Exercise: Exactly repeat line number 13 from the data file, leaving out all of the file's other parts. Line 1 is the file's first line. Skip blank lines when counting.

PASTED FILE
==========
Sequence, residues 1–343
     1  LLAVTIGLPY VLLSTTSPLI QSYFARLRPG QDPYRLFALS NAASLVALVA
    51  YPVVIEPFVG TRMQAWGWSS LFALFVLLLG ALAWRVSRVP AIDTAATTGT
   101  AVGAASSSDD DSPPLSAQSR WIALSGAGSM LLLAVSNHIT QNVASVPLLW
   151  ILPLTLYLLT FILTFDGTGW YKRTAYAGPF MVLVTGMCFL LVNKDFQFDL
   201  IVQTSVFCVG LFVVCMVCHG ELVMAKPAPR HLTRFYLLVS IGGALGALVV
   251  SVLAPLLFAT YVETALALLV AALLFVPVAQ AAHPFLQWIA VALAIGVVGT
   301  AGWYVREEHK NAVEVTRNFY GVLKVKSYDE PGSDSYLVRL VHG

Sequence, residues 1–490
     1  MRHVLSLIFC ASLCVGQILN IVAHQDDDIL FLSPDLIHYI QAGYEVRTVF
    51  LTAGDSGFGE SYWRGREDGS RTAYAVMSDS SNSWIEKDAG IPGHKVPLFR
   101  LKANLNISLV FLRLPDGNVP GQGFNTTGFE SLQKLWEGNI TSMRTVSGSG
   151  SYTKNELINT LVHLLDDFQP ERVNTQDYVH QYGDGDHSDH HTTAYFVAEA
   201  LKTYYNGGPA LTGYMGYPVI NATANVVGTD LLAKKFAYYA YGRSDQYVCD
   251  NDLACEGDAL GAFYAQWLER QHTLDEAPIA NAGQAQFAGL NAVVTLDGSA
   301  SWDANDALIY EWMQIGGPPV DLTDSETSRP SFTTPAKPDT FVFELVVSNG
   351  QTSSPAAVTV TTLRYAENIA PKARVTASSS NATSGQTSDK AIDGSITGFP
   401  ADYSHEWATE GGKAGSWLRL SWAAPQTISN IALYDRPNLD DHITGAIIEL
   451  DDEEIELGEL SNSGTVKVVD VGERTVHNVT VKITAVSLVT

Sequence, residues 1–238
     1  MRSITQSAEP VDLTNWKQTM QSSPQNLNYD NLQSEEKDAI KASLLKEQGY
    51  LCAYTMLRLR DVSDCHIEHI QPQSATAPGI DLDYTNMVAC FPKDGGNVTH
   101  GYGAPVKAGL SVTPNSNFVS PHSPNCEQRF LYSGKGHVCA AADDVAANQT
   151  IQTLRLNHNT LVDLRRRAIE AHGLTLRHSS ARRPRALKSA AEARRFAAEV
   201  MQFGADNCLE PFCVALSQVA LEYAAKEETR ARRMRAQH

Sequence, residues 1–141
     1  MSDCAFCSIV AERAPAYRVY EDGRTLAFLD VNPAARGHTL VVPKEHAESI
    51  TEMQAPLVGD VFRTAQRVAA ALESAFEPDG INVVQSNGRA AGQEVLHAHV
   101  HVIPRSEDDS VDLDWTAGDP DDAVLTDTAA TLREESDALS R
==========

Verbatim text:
   151  SYTKNELINT LVHLLDDFQP ERVNTQDYVH QYGDGDHSDH HTTAYFVAEA